• No comments on the side that are irrelevant to the topic
  • Don't interrupt
  • Impose time limits on how long each person has the floor
  • Tell participants to leave their phones and tablets behind
  • Challenge ideas; not people
  • Encourage people to participate
  • End on time
  • Email agenda 24 hours ahead of time
  • Email results of meeting within 24 hours with action items
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Successful Leaders Know How to Manage Their Time

Time ManagementMaximizing time is a one of the keys to success for busy leaders. For those who are struggling with time-management, here are some tips for time-management effectiveness:

Utilize Transition Times
If you’re like most people, there’s a lot of down time in your life that you could be using, but aren’t. This time might refer to when you’re waiting at the doctor’s office, taking the subway into work, or even waiting for water for your tea to boil. Maximize this wasted time by using it to make lists, prioritize your daily activities, send emails, or make the call that you’ve been putting off.


Make a Priority List
Successful leaders not only know what they have to do in a day, but they also know how to prioritize those items. Make two lists: one of all the things you have to do in a day or week, and one of all of the to-do items that are most important to you. Then, set up a time-management plan that prioritizes the things that are most important to you. Once these are scheduled, fill in free time with the other things to be accomplished.


Delegate Tasks
Most leaders get to where they are by being Type-A personalities that want to do it all. And while being a go-getter certainly helps you get farther in life, learning when to delegate and disperse tasks out is also a key part of time-management. For more menial tasks that don’t require your expertise, allow someone else to get it done for you. Whether it’s answering emails or putting together the menu for your upcoming fundraiser, you don’t need to—nor should you—do it all.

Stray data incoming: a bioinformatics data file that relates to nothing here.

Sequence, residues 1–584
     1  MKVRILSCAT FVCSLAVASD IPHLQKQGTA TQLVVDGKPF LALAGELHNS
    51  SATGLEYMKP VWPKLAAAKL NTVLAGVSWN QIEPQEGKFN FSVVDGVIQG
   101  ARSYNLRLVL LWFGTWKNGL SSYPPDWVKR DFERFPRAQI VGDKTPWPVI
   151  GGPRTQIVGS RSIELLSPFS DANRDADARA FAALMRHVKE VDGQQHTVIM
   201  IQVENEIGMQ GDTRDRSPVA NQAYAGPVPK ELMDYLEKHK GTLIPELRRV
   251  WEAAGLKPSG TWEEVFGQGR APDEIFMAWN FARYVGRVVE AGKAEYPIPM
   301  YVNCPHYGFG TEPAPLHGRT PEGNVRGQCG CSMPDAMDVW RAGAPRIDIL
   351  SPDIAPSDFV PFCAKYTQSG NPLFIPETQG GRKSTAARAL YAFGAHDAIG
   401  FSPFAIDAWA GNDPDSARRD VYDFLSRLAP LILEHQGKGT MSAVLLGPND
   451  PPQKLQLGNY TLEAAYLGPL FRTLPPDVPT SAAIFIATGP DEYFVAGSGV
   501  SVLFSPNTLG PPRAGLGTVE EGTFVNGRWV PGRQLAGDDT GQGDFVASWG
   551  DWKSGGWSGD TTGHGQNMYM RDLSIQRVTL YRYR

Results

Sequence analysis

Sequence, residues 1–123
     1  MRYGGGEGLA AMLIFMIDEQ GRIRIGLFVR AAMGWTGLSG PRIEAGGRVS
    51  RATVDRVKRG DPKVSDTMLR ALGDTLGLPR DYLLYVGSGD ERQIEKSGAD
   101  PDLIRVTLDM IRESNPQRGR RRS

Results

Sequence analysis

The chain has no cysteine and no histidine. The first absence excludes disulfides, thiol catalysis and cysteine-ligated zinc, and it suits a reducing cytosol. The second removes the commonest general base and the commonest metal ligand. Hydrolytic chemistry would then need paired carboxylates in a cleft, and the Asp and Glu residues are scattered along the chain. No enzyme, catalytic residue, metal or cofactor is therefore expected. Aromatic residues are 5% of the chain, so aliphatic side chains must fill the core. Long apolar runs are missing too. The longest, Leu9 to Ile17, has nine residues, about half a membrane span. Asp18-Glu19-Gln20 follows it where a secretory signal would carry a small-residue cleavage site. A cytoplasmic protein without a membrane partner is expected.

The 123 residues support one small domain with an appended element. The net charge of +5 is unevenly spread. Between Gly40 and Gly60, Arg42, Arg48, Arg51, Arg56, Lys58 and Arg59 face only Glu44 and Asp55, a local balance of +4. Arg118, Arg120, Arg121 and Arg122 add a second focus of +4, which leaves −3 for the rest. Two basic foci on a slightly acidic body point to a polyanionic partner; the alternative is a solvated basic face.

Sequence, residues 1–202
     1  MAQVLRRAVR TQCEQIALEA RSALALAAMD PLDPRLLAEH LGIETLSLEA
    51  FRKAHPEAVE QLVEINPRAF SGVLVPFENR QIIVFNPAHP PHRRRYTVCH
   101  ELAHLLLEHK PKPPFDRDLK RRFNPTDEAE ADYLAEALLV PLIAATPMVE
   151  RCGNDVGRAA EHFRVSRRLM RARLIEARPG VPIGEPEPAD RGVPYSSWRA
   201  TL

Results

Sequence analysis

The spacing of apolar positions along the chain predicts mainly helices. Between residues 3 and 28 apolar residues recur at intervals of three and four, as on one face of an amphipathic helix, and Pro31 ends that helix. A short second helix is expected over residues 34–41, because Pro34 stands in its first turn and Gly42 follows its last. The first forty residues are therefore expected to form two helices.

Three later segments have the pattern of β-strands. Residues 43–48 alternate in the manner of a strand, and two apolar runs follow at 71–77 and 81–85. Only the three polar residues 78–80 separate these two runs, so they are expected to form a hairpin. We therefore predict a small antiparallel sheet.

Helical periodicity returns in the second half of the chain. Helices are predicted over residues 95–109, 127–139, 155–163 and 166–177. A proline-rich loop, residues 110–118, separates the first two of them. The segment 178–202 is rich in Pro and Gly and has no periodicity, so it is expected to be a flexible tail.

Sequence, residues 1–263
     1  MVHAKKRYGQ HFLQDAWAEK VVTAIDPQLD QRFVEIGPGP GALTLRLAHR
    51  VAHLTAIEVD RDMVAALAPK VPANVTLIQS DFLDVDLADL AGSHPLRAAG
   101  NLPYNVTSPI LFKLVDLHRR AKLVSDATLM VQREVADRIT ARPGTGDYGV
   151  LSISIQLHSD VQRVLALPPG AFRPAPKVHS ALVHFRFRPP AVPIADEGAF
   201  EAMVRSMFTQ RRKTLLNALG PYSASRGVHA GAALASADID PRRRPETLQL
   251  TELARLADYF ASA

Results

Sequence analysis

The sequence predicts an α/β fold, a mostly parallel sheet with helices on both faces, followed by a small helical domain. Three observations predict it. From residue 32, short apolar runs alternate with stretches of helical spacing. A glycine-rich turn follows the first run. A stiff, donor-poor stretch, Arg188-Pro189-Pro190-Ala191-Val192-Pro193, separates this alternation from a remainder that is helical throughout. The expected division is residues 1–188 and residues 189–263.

Focus on the Short-term
Sure, long-term goals for yourself, your business, and your family are all important. But in order to reach those long-term goals, you’ll need to establish some short-term ones, too. Setting short-term goals allows you to focus your time specifically on these, maximizing every spare second. Achieving small goals on a daily basis will help you move you towards the direction of reaching your bigger goals.


Eliminate Time Wasters
We all have them – those things that we really don’t need to be doing, but do regardless sans any personal benefit. This might include using social media, playing a game on your smartphone or tablet, or doodling on a notepad out of boredom. To help you with your time-management skills, identify the things that you waste your time on. Then, either make the decision to eliminate these time wasters entirely, or schedule a part of your day that’s dedicated solely to them. If you choose the latter option, make sure the amount of time that you schedule is reasonable, and that you don’t participate in your time-wasting activity during another part of the day.

Time-management can be difficult, but is one of the many keys to optimizing success for busy people. To start maximizing your time today, utilize transition times, make a list of your priorities, delegate tasks, focus on short-term goals, and eliminate time wasters from your day.